Before you go to town on that dirty coin with the silver polish, find out more about it. Who knows, it could be one of the dollars George Washington supposedly threw across the Potomac (presumably where the river is about five feet wide). Should the coin have his picture on it, that’s generally (no pun intended) a tip off that he didn’t throw that particular one. But it could still be valuable!
Why You Shouldn’t Clean Your Coins
Before you do anything, assess its value. If you can’t look up the coin yourself in the PCGS coin price guide, take it to a reputable coin dealer and ask him whether it’s worth anything. If it is, don’t even think about cleaning it.
Cleaning affects the value of collectible coins, and definitely doesn’t increase them. The patina a coin builds up over the years is part of its total essence, its history, like the patina on old silverware. Remove it, and you can reduce its value by as much as 90%! Collectors value coins with attractive patinas, which actually protect the coin’s surface.
How are Coins Graded?
The way collectors establish the value of a coin is by grading it, an art rather than a science. Grades run from the top grade, a score of 70: “Mint, un-circulated,” which means there is no sign of wear on the coin. The bottom classification is “Basal,” which means “A lump of metal barely identifiable as a coin”. No amount of cleaning or polishing is going to raise a coin from one grade to another. In fact, the two major companies that grade coins, PCGS (Professional Coin Grading Service) and NGC (Numismatic Guarantee Corporation), refuse to grade coins that have been washed and/or polished. It’s the amount of wear and tear on a coin that counts towards its value, not how “pretty” it is.
Should you be a collector or intend to become one with this very coin, you definitely don’t want to clean or polish it unless you have just discovered it with a metal detector and dug it out of the ground. Once any metal has been exposed to the air, it’s going to oxidize, or tone. If you strip the coin of this toning, not only will you lose any remaining mint luster, the coin will appear harsh and unappealing, and it will suffer microscopic abrasions that lower its grade.
For coins that are not particularly valuable, there are only a couple of reasons for washing them. One is when they are going to be incorporated into jewelry and therefore should look nice. The other is to render them less communicable as reservoirs of disease germs. Otherwise, why bother?
How to Clean a Coin
If you’re going to do it, you might as well do it right:
- Handle the coin by the edges to leave no fingerprints. (Not because you stole it, but because fingerprints transfer caustic oils from your fingers to the coin.)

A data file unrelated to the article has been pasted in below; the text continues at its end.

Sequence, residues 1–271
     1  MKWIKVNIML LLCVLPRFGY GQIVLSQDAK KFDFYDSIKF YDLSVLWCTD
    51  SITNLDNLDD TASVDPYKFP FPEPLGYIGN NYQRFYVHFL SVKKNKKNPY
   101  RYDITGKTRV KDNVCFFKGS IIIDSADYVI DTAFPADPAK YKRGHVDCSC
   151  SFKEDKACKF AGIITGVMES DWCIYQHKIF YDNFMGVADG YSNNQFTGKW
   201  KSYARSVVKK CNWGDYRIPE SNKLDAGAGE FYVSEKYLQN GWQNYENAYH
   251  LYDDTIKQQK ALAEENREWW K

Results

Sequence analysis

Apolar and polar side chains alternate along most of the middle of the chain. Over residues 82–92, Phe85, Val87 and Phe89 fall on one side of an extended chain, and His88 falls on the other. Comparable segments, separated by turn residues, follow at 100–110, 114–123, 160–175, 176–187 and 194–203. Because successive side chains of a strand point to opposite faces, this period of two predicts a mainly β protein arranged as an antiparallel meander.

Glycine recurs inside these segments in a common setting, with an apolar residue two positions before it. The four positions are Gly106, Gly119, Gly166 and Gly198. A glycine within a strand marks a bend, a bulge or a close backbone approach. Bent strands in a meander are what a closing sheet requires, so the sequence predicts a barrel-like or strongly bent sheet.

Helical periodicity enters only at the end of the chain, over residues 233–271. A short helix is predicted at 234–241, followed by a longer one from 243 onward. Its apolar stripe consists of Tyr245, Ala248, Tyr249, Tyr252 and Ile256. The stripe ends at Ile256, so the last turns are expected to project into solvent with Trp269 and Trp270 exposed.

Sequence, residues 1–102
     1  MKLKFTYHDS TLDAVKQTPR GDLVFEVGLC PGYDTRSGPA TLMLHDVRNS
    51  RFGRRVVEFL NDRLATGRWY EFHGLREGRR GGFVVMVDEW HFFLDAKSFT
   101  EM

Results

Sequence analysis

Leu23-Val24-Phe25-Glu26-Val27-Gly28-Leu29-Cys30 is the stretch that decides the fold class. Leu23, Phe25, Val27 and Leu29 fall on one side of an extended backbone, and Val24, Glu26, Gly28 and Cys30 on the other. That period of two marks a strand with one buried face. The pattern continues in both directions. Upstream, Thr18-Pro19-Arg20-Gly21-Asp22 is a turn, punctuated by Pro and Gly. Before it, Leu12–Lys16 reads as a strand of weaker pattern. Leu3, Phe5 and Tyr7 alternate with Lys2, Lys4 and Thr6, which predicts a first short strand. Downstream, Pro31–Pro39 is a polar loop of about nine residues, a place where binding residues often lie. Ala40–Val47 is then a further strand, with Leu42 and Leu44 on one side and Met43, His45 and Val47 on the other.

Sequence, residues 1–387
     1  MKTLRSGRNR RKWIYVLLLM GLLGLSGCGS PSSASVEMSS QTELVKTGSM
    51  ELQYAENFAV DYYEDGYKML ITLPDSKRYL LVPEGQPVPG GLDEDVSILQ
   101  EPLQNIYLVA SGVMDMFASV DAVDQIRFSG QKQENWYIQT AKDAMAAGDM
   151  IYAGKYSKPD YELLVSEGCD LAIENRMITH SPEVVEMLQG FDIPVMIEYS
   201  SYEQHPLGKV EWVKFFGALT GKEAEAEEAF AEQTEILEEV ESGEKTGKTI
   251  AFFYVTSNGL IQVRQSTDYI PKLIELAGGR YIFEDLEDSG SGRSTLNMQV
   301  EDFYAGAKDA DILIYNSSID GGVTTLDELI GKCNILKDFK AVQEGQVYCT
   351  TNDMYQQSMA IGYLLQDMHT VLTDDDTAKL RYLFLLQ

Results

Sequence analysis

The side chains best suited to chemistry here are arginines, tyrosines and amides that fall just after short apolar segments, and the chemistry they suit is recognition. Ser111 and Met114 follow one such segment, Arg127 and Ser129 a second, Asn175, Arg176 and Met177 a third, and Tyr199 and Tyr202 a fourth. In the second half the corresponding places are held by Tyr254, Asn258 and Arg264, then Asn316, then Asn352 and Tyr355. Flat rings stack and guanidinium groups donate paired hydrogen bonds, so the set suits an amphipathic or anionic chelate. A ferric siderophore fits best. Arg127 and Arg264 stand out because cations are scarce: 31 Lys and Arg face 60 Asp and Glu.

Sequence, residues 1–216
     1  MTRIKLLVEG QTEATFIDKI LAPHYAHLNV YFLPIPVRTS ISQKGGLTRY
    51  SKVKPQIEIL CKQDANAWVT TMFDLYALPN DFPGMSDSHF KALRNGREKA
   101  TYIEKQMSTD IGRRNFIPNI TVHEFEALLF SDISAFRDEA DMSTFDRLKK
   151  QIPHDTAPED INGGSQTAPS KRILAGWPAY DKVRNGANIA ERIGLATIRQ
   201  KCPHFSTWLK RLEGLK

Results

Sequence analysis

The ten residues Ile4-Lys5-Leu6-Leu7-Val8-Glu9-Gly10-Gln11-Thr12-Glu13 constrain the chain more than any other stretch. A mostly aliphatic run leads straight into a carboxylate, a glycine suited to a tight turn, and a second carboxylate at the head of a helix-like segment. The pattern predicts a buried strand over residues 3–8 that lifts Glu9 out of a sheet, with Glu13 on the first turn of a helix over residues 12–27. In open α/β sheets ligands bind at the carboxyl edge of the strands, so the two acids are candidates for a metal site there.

- Avoid abrasives. Commercial coin polish, however, can be used if the coin is not valuable. Toothpaste may also work.
- Run warm water over the coin for about a minute, preferably using water under some pressure.
- Soak the coin from a few hours to a week or two until any deposits disappear. Soak gold coins in hot soapy water.
- Bronze, silver, copper, or nickel coins go in distilled water or olive oil (but, for some reason, not virgin olive oil) to keep from tainting the coins further.
- Tough stains can be removed with white vinegar. Or try soaking silver coins in lemon juice for a few minutes. Others suggest putting the coin in a cup of cola drink, though this is going to leave a sticky residue.
- Always follow any one of these baths by washing the coin in denatured alcohol.
- When soaking, don’t mix different metals together.
- Rinse the coin under very warm water.
- Lightly brush any remaining dirt off the coin with a soft toothbrush and dish soap. Apply little pressure.
- Pat the coin dry with a soft, lint-free cloth, then lay the coin on a soft, dry cloth to finish drying. Do not rub the coin dry.
- Spot-clean encrusted dirt with a toothpick without scratching the surface of the coin.
- Hot sauce can be used to burn some dirt off coins; cola drinks can make them shiny. (Gives you pause about eating a lot of hot sauce or drinking a lot of Coke, doesn’t it?)
How to Remove Mineralization
There is at least one special case where valuable coins should be cleaned: those that have been fished out of the ocean; in other words, salvage booty.
The standard method for removing coral calcification and mineralization from such coins is to clean them in an electrolysis bath. It’s not simple:
- Buy or build an electrolysis bath.
- Mix calcium carbonate (obtained at pool supply stores) one part to 48 parts of distilled water inside an electrolysis unit.
- Avoid running with a high electric current, which will peel away metal from the coin.
- Fix the distance between the anode and cathode poles to avoid having the current take metal off the coin.
- Never leave the coin unattended.
- When done, rinse the coin in clean distilled water.
- After rinsing, and using distilled water – not the stuff you’ve already used, repeat the electrolysis process without the calcium carbonate to remove all traces of the electrolyte from the coin.
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